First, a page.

GNH Community

nonprofits,local leaders & Grt.New Haven business sharing information

Nonprofit Board Action without Quorum

When it comes to a nonprofit board's taking action (aka voting), numbers often matter. Most often a board's by-laws instruct how many board members need be present and what portion of that number needs to vote positively on an item.

I'm working with a team right now to update the organization's by-laws and during this process we came upon two questions: what happens when there is no quorum and equally important, what happens when quorum is lost during or more likely, toward the end of the meeting?

In my experience, most boards do not take action on items needing action until a quorum is reached. Often enough, as members leave the meeting, thus actually changing whether there is a quorum, the board just proceeds without noting the departures but applies the same rules the bylaws specify regarding what % of those present voting yes means a decision has been reached (positively and negatively).

After research from one of our team, it turns out that basically, if practicing using Roberts Rules of Order or as otherwise specified in the bylaws,once quorum has been lost, business decisions (action/voting) can no longer be made in the meeting.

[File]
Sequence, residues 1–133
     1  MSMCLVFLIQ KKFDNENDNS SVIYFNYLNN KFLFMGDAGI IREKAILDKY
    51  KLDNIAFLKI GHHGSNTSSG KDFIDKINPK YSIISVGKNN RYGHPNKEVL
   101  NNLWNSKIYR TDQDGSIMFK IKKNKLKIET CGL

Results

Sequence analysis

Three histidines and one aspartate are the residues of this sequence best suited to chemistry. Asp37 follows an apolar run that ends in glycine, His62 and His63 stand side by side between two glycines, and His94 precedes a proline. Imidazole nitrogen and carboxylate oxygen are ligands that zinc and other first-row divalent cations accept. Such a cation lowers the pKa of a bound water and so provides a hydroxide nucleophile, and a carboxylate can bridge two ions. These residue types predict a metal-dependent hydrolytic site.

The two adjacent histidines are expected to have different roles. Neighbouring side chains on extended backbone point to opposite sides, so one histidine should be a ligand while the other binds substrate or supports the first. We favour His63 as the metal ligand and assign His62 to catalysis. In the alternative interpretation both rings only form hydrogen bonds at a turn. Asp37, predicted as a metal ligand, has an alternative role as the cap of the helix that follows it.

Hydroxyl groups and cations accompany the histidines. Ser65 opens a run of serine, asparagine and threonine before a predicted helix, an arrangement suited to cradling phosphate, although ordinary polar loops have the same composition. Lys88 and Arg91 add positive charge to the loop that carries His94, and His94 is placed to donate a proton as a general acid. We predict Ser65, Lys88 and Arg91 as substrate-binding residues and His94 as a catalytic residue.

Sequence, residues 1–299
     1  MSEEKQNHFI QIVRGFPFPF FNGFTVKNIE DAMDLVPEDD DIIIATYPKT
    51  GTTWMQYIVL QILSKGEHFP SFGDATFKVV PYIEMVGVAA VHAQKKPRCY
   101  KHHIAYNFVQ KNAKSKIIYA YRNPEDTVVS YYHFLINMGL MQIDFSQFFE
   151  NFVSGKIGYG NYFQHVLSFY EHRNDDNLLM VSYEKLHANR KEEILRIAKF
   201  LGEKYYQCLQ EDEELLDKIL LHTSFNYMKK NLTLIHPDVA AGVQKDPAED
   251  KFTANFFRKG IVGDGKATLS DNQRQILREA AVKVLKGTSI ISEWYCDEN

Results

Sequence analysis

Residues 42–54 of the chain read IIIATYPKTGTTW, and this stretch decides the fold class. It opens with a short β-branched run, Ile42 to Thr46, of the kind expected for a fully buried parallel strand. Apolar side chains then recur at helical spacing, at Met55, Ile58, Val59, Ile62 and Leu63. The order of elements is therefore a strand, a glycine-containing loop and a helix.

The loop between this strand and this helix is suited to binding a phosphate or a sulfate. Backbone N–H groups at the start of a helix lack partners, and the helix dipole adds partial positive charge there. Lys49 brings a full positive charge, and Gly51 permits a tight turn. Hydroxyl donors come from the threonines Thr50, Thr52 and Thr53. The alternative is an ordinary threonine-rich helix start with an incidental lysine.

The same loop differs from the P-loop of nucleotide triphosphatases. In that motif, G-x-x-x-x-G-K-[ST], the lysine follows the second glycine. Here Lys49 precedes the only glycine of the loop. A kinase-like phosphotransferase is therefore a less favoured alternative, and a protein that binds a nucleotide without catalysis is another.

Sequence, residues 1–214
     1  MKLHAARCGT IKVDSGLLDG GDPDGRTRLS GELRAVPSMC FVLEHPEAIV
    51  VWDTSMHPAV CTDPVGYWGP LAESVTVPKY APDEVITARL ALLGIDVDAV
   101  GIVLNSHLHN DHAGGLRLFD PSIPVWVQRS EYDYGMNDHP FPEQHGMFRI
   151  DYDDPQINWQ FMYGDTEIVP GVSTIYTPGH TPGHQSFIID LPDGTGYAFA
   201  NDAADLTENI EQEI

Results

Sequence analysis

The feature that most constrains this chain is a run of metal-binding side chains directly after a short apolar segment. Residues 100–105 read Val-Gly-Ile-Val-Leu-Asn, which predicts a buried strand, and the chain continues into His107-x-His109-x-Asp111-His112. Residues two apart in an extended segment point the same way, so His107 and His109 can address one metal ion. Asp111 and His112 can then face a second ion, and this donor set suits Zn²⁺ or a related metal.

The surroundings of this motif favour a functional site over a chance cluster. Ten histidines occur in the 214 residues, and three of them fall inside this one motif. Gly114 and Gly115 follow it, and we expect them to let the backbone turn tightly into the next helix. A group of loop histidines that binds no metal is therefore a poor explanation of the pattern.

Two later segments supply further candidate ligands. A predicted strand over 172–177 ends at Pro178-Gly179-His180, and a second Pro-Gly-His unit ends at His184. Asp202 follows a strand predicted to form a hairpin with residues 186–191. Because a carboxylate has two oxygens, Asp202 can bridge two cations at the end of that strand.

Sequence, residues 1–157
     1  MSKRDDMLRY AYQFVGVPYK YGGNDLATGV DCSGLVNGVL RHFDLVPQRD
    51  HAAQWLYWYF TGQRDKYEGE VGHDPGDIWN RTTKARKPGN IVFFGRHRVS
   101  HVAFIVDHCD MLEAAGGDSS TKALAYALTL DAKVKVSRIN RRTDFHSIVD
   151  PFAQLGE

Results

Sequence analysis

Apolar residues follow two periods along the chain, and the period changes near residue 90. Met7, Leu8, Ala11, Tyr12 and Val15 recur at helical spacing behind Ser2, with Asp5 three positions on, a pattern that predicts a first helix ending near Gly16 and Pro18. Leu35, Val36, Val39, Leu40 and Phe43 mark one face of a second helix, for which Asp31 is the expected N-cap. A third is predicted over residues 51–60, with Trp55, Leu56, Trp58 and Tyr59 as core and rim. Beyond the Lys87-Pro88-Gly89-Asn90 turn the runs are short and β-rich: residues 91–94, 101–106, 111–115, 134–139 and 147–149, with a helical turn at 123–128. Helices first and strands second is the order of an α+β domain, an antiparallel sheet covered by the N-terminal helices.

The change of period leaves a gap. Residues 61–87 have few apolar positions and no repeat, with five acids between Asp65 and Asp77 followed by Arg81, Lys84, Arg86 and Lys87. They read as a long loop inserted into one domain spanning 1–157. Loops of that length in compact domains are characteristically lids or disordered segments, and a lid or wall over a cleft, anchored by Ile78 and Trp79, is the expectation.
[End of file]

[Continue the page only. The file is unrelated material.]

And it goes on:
Here's one source that clarifies Roberts Rules:

present at a meeting to transact business. While there are some exceptions (see below), no motions or votes should occur unless there is a quorum. As a result, if quorum is lost in a meeting without a statute or rule to the contrary, business stops.
Robert’s Rules Quorum Steps

For organizations that follow RONR due to statute or governing documents (such as some governmental bodies, homeowner and condominium associations, and nonprofits), there are several procedural steps that can be taken even in the absence of a quorum, including:

Setting a continued meeting through the motion to Fix the Time to Which to Adjourn.
Ending the meeting through a motion to Adjourn.
Recessing the meeting, in efforts to obtain a quorum.
Taking measures to obtain a quorum, such as rounding up members in the hall or contacting members.